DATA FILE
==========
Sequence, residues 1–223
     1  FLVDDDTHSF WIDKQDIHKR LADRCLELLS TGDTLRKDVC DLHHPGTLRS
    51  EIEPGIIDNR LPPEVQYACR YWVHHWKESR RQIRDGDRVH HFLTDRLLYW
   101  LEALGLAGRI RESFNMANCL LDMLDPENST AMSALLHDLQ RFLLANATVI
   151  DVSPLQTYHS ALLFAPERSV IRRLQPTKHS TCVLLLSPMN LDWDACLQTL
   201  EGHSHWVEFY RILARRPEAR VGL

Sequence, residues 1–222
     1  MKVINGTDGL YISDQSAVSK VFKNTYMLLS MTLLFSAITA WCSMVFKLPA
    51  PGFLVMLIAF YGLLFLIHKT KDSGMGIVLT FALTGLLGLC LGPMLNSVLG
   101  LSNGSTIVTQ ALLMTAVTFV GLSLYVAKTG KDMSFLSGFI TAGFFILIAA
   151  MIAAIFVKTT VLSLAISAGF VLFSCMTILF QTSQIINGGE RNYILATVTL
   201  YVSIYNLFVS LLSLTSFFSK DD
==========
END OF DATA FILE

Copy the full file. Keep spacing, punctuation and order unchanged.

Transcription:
Sequence, residues 1–223
     1  FLVDDDTHSF WIDKQDIHKR LADRCLELLS TGDTLRKDVC DLHHPGTLRS
    51  EIEPGIIDNR LPPEVQYACR YWVHHWKESR RQIRDGDRVH HFLTDRLLYW
   101  LEALGLAGRI RESFNMANCL LDMLDPENST AMSALLHDLQ RFLLANATVI
   151  DVSPLQTYHS ALLFAPERSV IRRLQPTKHS TCVLLLSPMN LDWDACLQTL
   201  EGHSHWVEFY RILARRPEAR VGL

Sequence, residues 1–222
     1  MKVINGTDGL YISDQSAVSK VFKNTYMLLS MTLLFSAITA WCSMVFKLPA
    51  PGFLVMLIAF YGLLFLIHKT KDSGMGIVLT FALTGLLGLC LGPMLNSVLG
   101  LSNGSTIVTQ ALLMTAVTFV GLSLYVAKTG KDMSFLSGFI TAGFFILIAA
   151  MIAAIFVKTT VLSLAISAGF VLFSCMTILF QTSQIINGGE RNYILATVTL
   201  YVSIYNLFVS LLSLTSFFSK DD